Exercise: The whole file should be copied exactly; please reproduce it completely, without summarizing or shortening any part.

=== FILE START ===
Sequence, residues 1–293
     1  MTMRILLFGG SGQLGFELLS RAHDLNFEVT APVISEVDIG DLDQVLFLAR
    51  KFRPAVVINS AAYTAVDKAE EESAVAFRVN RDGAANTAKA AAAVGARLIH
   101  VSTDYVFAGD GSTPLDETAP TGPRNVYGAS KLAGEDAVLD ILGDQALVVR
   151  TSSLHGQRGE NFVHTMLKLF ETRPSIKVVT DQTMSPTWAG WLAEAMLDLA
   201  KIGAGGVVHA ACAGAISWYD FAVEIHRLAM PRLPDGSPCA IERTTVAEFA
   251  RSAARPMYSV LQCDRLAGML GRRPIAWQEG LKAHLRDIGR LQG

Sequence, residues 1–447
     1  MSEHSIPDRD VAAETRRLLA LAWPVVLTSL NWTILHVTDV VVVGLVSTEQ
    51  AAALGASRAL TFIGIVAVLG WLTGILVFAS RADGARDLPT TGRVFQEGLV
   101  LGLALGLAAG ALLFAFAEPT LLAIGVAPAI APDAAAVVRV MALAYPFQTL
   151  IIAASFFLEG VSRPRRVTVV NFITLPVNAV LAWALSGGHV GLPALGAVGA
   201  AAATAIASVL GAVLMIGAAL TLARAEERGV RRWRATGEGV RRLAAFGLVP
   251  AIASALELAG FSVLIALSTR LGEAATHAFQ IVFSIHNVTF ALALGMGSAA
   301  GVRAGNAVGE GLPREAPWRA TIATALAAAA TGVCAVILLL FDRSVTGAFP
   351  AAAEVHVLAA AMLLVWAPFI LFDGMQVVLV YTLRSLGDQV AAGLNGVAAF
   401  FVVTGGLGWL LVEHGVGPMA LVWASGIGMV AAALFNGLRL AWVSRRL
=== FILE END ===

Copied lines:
Sequence, residues 1–293
     1  MTMRILLFGG SGQLGFELLS RAHDLNFEVT APVISEVDIG DLDQVLFLAR
    51  KFRPAVVINS AAYTAVDKAE EESAVAFRVN RDGAANTAKA AAAVGARLIH
   101  VSTDYVFAGD GSTPLDETAP TGPRNVYGAS KLAGEDAVLD ILGDQALVVR
   151  TSSLHGQRGE NFVHTMLKLF ETRPSIKVVT DQTMSPTWAG WLAEAMLDLA
   201  KIGAGGVVHA ACAGAISWYD FAVEIHRLAM PRLPDGSPCA IERTTVAEFA
   251  RSAARPMYSV LQCDRLAGML GRRPIAWQEG LKAHLRDIGR LQG

Sequence, residues 1–447
     1  MSEHSIPDRD VAAETRRLLA LAWPVVLTSL NWTILHVTDV VVVGLVSTEQ
    51  AAALGASRAL TFIGIVAVLG WLTGILVFAS RADGARDLPT TGRVFQEGLV
   101  LGLALGLAAG ALLFAFAEPT LLAIGVAPAI APDAAAVVRV MALAYPFQTL
   151  IIAASFFLEG VSRPRRVTVV NFITLPVNAV LAWALSGGHV GLPALGAVGA
   201  AAATAIASVL GAVLMIGAAL TLARAEERGV RRWRATGEGV RRLAAFGLVP
   251  AIASALELAG FSVLIALSTR LGEAATHAFQ IVFSIHNVTF ALALGMGSAA
   301  GVRAGNAVGE GLPREAPWRA TIATALAAAA TGVCAVILLL FDRSVTGAFP
   351  AAAEVHVLAA AMLLVWAPFI LFDGMQVVLV YTLRSLGDQV AAGLNGVAAF
   401  FVVTGGLGWL LVEHGVGPMA LVWASGIGMV AAALFNGLRL AWVSRRL